7 Replies Latest reply on Jun 20, 2016 12:00 PM by Michael Hesser

Well first it was created a long time ago in 8.0. But the big swirl is actually a background image. Delete it and here's what it looks like:

Everything else is just a custom shape given an x/y position. A bit of work, but not all that complicated.

--Shawn

Yea that's what I was trying to figure out. How do you figure out the x/y position?

Sent from my iPhone

I suspect it's just an Excel spreadsheet that produces those positions. I'm sure there is some sort of math formula that produced the x/y values, but I'm not a math guy so I don't know what that formula is. Maybe Richard Leeke knows.

Cheers,

--Shawn

ok thanks, yea I don't even know where to start.

On Wed, Jun 15, 2016 at 6:18 PM, Shawn Wallwork <

Hey Shawn,

Maybe you can help me with this follow up question. Say you did this same

thing but instead of just california on one chart, you had Oregon and

Washington side by side with the same graphics. So it would be the same

departments but it the data could be set up like this:

California, Agriculture, x position, y position

California, Economic Development, x position, y position

Oregon, Agriculture, x position, y position

Oregon, Economic Development, x position, y position

Washington, Agriculture, x positon, y position

Washington,  Economic Development, x position, y position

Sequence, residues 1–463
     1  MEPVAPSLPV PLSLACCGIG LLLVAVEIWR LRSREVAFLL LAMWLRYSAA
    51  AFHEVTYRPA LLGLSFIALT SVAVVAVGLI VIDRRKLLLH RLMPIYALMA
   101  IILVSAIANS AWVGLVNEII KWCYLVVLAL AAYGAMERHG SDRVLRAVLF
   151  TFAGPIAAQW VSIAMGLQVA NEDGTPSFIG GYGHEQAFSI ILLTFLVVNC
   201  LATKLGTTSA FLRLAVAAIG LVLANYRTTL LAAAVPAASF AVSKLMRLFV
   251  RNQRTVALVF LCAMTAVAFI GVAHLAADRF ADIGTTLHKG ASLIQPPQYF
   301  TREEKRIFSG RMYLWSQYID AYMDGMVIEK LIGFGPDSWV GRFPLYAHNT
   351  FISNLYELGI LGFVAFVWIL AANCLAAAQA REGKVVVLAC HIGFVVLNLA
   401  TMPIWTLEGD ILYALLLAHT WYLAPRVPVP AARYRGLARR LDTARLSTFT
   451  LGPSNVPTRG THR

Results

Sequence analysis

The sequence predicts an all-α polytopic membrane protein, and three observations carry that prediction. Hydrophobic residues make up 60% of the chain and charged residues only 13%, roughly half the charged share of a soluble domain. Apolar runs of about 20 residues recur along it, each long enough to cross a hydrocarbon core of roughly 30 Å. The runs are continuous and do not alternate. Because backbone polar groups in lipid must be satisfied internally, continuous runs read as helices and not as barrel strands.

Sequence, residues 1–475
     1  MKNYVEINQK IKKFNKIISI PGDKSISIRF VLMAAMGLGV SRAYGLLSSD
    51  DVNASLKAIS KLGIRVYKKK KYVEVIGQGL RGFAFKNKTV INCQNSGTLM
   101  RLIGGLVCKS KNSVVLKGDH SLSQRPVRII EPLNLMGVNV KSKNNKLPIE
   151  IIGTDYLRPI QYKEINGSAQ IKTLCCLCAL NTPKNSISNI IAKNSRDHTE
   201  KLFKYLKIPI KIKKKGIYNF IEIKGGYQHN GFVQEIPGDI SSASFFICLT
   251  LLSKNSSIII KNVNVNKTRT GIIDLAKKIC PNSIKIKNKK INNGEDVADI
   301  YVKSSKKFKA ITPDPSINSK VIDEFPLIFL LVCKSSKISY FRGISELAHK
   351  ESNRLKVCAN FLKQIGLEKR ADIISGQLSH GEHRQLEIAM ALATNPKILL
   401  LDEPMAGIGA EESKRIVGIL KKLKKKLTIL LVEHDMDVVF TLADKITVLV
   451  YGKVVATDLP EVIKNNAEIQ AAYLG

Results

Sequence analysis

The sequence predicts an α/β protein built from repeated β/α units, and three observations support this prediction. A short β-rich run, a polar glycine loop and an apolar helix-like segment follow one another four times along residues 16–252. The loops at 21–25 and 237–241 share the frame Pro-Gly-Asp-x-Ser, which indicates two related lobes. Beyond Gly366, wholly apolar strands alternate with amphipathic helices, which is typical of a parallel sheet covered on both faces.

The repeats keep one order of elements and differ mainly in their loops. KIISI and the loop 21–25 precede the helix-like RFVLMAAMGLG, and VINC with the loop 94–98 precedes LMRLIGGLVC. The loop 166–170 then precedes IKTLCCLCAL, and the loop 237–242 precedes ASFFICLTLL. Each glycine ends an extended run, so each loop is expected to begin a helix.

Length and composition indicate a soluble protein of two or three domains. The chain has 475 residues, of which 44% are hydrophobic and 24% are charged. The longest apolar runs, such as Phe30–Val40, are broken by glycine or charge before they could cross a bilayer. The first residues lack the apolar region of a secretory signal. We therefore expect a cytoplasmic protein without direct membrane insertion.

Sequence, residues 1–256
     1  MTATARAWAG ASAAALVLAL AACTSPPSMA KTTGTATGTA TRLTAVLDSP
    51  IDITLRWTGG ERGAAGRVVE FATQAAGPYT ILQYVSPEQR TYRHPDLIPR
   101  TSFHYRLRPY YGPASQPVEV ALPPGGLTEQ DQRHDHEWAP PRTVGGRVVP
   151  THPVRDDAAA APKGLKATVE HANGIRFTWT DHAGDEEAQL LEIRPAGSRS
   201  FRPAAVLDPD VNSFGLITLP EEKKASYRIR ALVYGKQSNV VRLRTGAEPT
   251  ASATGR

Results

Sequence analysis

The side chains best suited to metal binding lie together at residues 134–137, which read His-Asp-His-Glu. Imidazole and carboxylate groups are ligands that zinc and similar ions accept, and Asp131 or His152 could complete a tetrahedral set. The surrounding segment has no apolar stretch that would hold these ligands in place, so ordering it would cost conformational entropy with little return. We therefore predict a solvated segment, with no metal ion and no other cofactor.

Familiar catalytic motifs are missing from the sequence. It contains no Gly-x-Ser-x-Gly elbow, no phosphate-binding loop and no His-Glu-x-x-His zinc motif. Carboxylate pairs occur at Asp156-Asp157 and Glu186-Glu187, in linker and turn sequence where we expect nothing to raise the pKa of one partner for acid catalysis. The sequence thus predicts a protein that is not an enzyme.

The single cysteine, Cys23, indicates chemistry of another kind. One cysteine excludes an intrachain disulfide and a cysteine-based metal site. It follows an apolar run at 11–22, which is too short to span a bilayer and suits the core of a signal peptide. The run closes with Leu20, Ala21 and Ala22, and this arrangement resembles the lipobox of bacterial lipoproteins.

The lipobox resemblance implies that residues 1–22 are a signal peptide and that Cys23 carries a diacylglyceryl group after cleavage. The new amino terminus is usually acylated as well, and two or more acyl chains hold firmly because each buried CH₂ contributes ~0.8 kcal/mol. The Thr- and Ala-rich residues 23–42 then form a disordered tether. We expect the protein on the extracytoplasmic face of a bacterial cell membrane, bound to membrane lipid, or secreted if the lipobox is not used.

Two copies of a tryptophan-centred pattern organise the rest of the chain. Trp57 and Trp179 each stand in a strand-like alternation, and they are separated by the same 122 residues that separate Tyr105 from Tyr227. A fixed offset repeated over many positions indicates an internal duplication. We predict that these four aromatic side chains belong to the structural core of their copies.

The problem is you can't use Avg , Avg (y) on the columns and rows, as

it will only show the center circles. However I would want to show circles

like the following example for all three graphs (california, Washington,

Oregon) on one worksheet.

Does that make sense? How would you do that?

Thanks,

Brook

On Wed, Jun 15, 2016 at 6:18 PM, Shawn Wallwork <

Hi Brook,

You could use Alan Etheridge's jittering technique to plot the X and Y values.

Jittering

Alan has an awesome blog:

The Last Data Bender | Musings on Tableau from the last of the data benders.

Here are some more blog posts about jittering:

I’ve Got the Jitters (and I Like it!) – Data Revelations

https://www.dataplusscience.com/TableauJitter.html

Tableau Zen: Improving Jitter plots with the hidden RANDOM() function in #Tableau

Attached is example that doesn't include the custom shapes, vs 9.3.  I hope that's enough to give you some ideas.  I'll just mention that this isn't visualization "best practices" but I found to be a nice learning exercise.

Regards,

Gerardo